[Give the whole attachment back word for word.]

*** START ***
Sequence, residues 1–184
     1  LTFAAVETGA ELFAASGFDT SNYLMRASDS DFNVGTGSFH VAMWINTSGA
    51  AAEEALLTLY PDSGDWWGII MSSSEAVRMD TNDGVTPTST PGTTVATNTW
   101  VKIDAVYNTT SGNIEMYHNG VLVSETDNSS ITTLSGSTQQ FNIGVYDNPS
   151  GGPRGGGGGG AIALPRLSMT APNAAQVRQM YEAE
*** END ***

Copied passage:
Sequence, residues 1–184
     1  LTFAAVETGA ELFAASGFDT SNYLMRASDS DFNVGTGSFH VAMWINTSGA
    51  AAEEALLTLY PDSGDWWGII MSSSEAVRMD TNDGVTPTST PGTTVATNTW
   101  VKIDAVYNTT SGNIEMYHNG VLVSETDNSS ITTLSGSTQQ FNIGVYDNPS
   151  GGPRGGGGGG AIALPRLSMT APNAAQVRQM YEAE